Opinion: Disparity in justice for South Dakota Indians
"In the 1800s when Native Americans in South Dakota were accused of a crime, no matter if they were not guilty, the harshest sentences were imposed upon them. Today, that type of sentencing still exists.

Take a look at the Ted Klaudt sentence. He was given 22 years for his sex crimes. If he was a Native American, he would have been given the maximum, which would have been life.

Orlando Fool Bull was given 22 years for invading a home. What is wrong with these two sentences? The judge in the Fool Bull case wants to protect the public from this young man by sending him to prison. The judge in the Klaudt case gave this man the minimum. The public should be protected from a sex offender more than a person who invades someone's home.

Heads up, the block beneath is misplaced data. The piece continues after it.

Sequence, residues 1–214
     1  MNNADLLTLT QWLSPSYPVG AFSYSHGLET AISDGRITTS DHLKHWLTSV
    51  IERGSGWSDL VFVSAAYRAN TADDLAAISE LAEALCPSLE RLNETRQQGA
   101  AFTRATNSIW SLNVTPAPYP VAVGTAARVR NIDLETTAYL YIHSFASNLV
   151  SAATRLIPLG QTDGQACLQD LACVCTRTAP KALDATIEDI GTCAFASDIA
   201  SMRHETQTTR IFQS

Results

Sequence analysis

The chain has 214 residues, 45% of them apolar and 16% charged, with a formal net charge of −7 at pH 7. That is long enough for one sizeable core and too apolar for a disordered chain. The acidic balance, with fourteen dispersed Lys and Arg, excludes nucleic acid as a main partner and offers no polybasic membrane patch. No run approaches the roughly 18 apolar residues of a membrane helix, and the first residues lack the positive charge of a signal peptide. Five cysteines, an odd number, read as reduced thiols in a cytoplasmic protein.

In Indian Country you get a life sentence for an allegation of sexual abuse. In Indian Country you never would see a 10-time sex offender walking around. Commit a sex crime in Indian country and you will spend the rest of your life in prison.

When are these types of sentences going to stop? We as native people need to get more involved in the courts to see to it that our people receive justice within the justice system of South Dakota."

Get the Story:
Janice K. Howe: Courts treat Indians differently (The Sioux Falls Argus Leader 2/8)